Some of the biggest global real estate investors are raiding the public markets to get hold of assets. Florence Chong investigates the take-private phenomenon
In December, a three-year saga over the ownership of the Investa Office Fund came to a close. It was a takeover battle that left a trail of bruised egos, with observers at times left alternately intrigued and bemused.
Pitched against each other for the A$4.5bn (€2.8bn) AUM real estate fund were some of the biggest global and Australian names in institutional real estate. They were all looking to take the listed vehicle private.
The deal can be seen as part of a wider trend of global real estate investors turning to public markets at a time when the unlisted property market is extremely expensive and competitive.
Oxford Properties, the real estate arm of Canadian pension fund OMERS, was the eventual successor (see Oxford outbids Blackstone), renaming the fund Oxford Investa Property Partners in December. Significantly, Oxford Properties has never taken a company private before – and it saw off competition from one of the world’s most seasoned ‘take-private’ specialists, Blackstone.
Oxford Properties’ parent company has significant experience in taking companies private. OMERS is a well-established private-equity player and took Oxford Properties private when it became its real estate arm.
Public-to-private M&A activity in the US has reached levels not seen in more than a decade, according to listed real estate specialist Cohen Steers, while Europe, Australia and other markets are seeing an increase. In a recent report, Cohen & Steers said: “The buyers increasingly include private-equity investors, who see REITs as attractively priced compared to the private market values of their underlying properties.”
In Asia-Pacific, private capital has gained control of at least €65bn of real estate assets previously owned by publicly-listed vehicles in Asia-Pacific – including Investa Office Fund.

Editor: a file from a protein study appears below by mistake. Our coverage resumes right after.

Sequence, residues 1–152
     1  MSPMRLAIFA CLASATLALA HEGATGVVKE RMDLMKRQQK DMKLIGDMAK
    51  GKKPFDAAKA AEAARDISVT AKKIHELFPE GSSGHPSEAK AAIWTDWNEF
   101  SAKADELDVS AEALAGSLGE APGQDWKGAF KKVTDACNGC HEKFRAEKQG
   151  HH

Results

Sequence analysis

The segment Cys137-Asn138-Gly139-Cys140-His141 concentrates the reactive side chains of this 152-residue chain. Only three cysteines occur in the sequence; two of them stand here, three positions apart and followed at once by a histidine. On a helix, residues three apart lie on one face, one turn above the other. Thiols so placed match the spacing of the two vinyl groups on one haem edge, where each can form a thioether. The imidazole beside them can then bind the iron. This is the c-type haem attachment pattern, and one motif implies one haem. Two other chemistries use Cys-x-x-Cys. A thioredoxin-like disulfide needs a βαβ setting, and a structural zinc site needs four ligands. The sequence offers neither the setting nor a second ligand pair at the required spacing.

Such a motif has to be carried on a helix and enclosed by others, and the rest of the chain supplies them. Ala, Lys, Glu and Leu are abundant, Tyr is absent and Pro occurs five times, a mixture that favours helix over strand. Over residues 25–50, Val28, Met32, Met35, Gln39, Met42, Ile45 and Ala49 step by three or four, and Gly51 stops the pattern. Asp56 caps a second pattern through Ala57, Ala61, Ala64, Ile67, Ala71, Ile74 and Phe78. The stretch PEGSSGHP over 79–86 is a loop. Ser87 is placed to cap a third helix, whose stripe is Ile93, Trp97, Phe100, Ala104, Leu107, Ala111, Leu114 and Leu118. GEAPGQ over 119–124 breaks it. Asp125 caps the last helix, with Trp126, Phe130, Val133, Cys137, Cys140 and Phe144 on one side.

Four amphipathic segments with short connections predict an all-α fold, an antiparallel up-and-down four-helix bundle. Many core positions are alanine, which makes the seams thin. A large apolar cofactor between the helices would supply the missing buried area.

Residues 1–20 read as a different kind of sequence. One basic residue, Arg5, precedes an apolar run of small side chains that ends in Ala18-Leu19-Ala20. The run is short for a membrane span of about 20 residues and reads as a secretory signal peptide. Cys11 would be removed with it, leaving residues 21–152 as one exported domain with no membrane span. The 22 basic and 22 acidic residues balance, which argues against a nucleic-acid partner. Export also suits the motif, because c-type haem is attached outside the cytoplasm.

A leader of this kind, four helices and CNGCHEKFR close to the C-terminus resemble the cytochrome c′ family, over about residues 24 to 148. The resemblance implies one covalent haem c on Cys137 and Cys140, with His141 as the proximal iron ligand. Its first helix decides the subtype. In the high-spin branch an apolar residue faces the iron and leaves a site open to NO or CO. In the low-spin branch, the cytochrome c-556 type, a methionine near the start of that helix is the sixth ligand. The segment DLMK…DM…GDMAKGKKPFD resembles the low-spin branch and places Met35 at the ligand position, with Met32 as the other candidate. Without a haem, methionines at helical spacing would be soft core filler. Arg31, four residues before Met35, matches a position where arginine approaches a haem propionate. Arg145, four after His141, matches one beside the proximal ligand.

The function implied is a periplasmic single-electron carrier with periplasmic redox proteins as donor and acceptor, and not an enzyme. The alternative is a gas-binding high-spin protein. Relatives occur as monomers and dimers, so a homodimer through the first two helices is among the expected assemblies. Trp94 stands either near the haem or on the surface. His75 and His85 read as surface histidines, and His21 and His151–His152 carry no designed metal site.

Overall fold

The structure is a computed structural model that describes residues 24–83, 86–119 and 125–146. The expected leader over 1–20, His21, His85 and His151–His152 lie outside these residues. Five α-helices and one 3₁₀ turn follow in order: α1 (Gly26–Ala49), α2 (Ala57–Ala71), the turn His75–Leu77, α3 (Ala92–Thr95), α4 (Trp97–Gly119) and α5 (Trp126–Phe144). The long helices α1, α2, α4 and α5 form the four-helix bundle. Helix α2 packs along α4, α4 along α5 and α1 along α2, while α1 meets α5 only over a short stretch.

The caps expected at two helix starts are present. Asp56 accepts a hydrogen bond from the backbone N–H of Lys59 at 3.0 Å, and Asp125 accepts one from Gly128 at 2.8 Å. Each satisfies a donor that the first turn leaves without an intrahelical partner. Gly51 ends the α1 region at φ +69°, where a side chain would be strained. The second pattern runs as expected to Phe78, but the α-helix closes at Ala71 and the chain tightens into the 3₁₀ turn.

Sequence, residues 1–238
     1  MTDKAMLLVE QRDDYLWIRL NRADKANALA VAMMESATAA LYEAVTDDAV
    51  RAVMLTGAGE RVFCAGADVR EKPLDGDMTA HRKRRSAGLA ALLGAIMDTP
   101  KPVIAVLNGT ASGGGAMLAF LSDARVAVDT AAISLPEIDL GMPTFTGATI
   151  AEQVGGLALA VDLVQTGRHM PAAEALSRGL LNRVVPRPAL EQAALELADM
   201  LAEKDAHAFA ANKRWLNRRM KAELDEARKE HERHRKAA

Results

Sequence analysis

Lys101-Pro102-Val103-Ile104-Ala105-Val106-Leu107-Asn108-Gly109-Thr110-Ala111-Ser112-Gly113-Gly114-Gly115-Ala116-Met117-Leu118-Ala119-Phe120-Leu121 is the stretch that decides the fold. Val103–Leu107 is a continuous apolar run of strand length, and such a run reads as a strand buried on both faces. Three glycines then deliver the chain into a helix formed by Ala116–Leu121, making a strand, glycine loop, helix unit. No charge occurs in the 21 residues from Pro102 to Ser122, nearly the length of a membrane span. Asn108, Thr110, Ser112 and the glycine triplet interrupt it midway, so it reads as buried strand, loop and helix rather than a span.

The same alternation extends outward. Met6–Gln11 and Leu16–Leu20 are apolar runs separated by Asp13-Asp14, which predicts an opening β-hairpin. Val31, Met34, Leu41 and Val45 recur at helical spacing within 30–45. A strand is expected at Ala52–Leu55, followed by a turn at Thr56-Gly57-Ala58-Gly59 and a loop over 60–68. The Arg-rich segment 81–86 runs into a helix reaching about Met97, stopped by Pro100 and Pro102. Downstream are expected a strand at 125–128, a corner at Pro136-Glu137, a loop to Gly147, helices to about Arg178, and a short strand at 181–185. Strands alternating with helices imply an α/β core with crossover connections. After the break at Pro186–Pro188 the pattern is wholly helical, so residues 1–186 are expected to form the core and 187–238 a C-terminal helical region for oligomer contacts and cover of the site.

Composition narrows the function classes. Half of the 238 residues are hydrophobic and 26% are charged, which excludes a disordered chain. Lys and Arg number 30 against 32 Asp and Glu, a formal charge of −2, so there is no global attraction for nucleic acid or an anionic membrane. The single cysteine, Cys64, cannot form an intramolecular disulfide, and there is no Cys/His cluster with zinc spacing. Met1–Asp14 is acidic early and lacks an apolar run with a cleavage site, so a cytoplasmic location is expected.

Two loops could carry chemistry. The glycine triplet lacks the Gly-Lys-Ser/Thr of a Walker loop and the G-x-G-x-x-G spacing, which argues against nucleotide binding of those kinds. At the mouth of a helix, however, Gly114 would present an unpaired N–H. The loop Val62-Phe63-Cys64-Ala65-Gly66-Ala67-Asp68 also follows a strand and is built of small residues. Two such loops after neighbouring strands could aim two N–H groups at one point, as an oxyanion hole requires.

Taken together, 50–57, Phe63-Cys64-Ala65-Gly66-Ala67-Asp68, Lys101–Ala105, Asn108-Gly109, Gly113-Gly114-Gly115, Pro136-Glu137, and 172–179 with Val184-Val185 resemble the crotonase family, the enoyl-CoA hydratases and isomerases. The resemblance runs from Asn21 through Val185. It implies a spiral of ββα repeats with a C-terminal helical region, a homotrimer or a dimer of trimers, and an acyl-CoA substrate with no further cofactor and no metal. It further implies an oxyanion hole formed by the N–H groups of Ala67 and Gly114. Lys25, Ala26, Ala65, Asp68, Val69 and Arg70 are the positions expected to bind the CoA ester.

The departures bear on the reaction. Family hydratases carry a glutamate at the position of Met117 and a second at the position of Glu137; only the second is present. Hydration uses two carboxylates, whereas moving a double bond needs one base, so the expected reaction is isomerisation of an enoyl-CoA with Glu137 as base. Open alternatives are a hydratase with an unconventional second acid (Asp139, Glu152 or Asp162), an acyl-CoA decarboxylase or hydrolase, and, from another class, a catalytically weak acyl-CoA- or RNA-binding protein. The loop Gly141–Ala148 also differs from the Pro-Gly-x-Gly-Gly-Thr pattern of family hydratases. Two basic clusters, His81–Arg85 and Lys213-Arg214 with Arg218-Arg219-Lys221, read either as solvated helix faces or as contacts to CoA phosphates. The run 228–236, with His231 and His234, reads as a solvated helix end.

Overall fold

At the time of writing, two more listed real estate companies in Australia were under due diligence. If these deals are finalised, they will take the total M&A to about €21bn over a two-year period in Asia-Pacific. This figure does not include the large public-to-public merger between Westfield and Unibail-Rodamco completed in May 2018.
Australia and Singapore provide some of the most fertile ground in Asia-Pacific for take-private hunters. Analysts cite a mismatch of capital and asset availability; capital is abundant, debt is cheap and real estate is scarce, so raids on public companies have become the best option.
Analysts point to many smaller, ‘unloved’ Singapore REITs that trade at discounts to NAV, making them vulnerable to takeover. Acquirers see an opportunity to access real estate, to add value through a change of management, and to fold the portfolios into a large pool to benefit from economies of scale.
For investors new to the region, buying an existing company provides a platform to launch Asia-Pacific ambitions. Other established players, such as GLP and ARA Asset Management, see privatisation as a path to growth without the constraints of operating as a public company.
In the largest buyout of an Asian company in 2017, a management-led private consortium, which included international investors, acquired GLP for SGD16bn (€10.3bn). Property securities managers say GLP had not performed well as a listed company. In contrast to its the Sydney-based rival Goodman Group, which had been trading at an ever-increasing premium, GLP persistently traded below NAV before the buyout.
When delisted in January 2018, GLP had US$45bn in assets under management. As a privately-owned company, this has risen by more than one third to US$60bn.
ARA Asset Management has also flourished since going private, and is marching towards its ambition – to become a global fund manager with a SGD100bn portfolio. Last November, the founder and chief executive of ARA Asset Management, John Lim, formed a consortium with four private investors, including Warburg Pincus, to buy back the company for SGD$1.8bn.